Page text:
Monday marks the fifth centenary of the Battle of Flodden. The battle was fought on Brainston Moor, Northumberland, between an invading army of Scots under their king, James IV, and the English, lead by the Earl of Surrey. It was the last battle in which a British monarch – James – died on the battlefield.
One of the books in our collection related to Flodden is Walter Scott’s second published work, Marmion: A tale of Flodden Field. On discovering that Scott planned to write a poem on the event, a correspondent wrote to him enquiring whether it was acceptable for Scottish pride to write a poem commemorating a Scottish defeat. Scott replied that it was certainly a worthy topic, because at Flodden, “all was lost but our honour.”
These sentiments are clearly expressed by Scott as he describes the climax of the battle:
“The English shafts in vollies hailed;
In headlong charge their horse assailed;
Front, flank, and rear, the squadrons sweep,
To break the Scottish circle deep,
That fought around their king.
But yet, through thick the shafts as snow,
Though charming knights like whirlwinds go,
Though bil-men deal the ghastly blow,
Unbroken was the ring;
The stubborn spear-men still made good
Their dark impenetrable wood,
Each stepping where his comrade stood,
The instant that he fell.
No thought was there of dastard flight;-
Linked in the serried phalanx tight,
Groom fought like noble, squire like knight,
As fearlessly and well,
Till utter darkness closed her wing
O’er their thin host and wounded king”
However, the majority of the poem does not concern itself with the battle. Scott’s primary focus is the tale of Lord Marmion – a favourite noble of Henry VIII – and his cunning efforts to win the favours of the wealthy Clara de Clare. Scott uses the battle as a suitably dramatic setting for the climax of his narrative, and it is at Flodden field where Lord Marmion’s fate is decided.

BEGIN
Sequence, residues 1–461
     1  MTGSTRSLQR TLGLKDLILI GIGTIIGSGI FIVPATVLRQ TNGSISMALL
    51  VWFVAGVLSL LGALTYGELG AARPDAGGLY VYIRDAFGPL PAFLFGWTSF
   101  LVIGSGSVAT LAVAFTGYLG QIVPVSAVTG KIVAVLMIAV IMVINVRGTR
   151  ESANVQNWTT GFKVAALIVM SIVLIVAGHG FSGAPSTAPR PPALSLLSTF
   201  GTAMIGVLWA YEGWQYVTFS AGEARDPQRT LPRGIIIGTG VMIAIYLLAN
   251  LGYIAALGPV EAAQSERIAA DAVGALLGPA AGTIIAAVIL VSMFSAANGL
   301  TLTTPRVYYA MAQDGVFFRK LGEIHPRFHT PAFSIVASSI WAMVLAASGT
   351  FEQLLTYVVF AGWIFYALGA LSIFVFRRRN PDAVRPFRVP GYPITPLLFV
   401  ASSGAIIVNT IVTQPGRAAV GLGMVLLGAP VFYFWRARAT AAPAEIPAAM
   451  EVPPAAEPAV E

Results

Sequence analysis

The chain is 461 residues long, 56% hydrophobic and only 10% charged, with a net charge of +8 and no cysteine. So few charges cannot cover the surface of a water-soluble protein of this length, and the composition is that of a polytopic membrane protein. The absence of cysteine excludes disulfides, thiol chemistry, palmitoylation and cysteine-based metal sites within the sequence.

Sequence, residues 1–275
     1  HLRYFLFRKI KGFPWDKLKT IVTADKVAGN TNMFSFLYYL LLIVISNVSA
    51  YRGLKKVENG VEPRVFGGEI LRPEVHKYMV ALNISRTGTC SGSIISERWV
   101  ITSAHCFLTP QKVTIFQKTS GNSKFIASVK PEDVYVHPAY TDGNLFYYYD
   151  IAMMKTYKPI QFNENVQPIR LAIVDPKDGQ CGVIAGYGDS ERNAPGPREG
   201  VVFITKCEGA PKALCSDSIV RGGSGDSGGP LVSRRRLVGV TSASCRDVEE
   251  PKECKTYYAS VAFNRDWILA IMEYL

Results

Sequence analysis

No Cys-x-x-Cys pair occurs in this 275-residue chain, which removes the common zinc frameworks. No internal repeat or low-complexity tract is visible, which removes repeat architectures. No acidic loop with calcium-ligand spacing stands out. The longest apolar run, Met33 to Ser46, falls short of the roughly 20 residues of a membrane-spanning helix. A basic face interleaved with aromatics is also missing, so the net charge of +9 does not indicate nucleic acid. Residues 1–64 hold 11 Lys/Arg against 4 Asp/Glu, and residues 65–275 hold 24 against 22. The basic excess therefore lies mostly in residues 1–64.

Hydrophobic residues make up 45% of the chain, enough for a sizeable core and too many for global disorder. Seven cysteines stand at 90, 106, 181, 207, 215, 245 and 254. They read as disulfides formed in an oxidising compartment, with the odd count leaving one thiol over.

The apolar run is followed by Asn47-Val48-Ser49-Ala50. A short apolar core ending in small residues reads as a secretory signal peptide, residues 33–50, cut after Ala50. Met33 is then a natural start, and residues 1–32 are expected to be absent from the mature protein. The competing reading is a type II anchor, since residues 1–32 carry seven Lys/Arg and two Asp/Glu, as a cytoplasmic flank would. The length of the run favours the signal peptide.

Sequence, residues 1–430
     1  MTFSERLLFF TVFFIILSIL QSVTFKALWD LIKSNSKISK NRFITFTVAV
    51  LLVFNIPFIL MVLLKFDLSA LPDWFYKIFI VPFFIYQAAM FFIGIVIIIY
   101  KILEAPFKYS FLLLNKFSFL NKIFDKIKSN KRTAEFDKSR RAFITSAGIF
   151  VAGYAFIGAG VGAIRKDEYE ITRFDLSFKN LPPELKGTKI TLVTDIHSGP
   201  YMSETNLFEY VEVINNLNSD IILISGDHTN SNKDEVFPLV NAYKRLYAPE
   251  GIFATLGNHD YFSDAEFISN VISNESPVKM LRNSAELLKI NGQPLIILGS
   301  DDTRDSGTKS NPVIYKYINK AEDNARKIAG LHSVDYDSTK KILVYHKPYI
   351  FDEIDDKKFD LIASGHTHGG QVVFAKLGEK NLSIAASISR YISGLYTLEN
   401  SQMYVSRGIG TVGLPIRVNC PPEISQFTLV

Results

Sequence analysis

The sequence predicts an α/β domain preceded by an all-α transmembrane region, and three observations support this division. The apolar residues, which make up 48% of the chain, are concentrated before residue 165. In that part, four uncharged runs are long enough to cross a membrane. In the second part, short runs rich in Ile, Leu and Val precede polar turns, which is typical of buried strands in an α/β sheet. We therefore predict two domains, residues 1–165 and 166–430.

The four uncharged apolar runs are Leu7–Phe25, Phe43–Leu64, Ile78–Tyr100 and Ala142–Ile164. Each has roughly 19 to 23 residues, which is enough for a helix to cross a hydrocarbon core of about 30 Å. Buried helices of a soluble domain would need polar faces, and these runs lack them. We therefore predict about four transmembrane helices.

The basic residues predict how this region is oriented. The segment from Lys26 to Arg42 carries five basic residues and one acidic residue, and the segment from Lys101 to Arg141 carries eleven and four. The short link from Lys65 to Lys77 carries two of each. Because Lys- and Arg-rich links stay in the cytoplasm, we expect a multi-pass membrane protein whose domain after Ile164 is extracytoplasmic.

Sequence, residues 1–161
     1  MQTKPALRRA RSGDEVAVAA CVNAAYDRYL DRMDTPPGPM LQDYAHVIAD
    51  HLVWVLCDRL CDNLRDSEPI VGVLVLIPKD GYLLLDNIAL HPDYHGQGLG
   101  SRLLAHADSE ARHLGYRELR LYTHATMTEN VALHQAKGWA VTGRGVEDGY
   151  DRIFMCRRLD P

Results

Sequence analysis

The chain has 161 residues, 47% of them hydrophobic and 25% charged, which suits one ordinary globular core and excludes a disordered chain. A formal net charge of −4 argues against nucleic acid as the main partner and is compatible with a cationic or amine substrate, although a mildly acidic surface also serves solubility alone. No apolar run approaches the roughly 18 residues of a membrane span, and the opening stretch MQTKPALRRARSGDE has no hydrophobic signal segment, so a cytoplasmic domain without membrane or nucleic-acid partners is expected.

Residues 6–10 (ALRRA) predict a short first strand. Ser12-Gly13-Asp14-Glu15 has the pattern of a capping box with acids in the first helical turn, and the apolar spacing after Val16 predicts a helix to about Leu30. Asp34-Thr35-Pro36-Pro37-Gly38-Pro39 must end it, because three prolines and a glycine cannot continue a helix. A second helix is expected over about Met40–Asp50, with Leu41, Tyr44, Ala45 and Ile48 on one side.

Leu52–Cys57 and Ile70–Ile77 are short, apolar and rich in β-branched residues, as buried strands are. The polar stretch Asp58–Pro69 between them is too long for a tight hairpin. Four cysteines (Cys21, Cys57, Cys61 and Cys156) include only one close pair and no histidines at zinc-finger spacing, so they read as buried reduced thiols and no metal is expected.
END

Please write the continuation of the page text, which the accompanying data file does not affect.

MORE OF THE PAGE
We hold several copies of this poem, one of which dates from the year of publication, 1808, and is from the Old Library collection. A memorable feature of this book are the fragments of graffiti that litter its pages. Rather ironically, most of these additions are condemnations of the unscrupulous readers who chose to annotate the book!
Marmion seems to have inspired others to document the event. Shortly after publication, the poem gave the libretti to a selection of songs based on its verses. We have a copy of Lochinvar, Lady Heron’s song, and The song of Fitz Custace, both part of our Farmer collection. The scores themselves are written for a selection of solo, piano, bagpipe, harp and chorus parts, and– like Marmion itself – sing of lovers who have either won or betrayed women’s hearts.
Published in the same year as Marmion, we also have a copy of The Battle of Flodden Field ; A poem of the Sixteenth Century. Based on a series of manuscripts and edited by Henry Weber, this poem is dedicated to Scott who is thanked for his insight and advice on choosing manuscripts. This poem, is much unlike Scott’s work however, and is a more historical account of the battle itself. It ends with a timeless memorial to all those – from either side – who died in the battle:
“Praconia Post Funera Manent” (proclamation remains after death)
Categories: Special Collections